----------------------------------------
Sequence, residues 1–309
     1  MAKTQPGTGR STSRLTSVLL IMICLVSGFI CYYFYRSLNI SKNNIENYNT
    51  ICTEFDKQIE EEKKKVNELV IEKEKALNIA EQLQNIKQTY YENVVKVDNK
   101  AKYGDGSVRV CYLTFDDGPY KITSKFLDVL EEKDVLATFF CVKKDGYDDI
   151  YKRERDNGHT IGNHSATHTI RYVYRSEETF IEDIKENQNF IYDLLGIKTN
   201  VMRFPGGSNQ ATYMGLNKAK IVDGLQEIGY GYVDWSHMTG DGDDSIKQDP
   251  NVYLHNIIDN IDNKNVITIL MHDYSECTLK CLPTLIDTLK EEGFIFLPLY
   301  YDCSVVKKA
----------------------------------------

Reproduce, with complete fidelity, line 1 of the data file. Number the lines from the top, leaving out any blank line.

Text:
Sequence, residues 1–309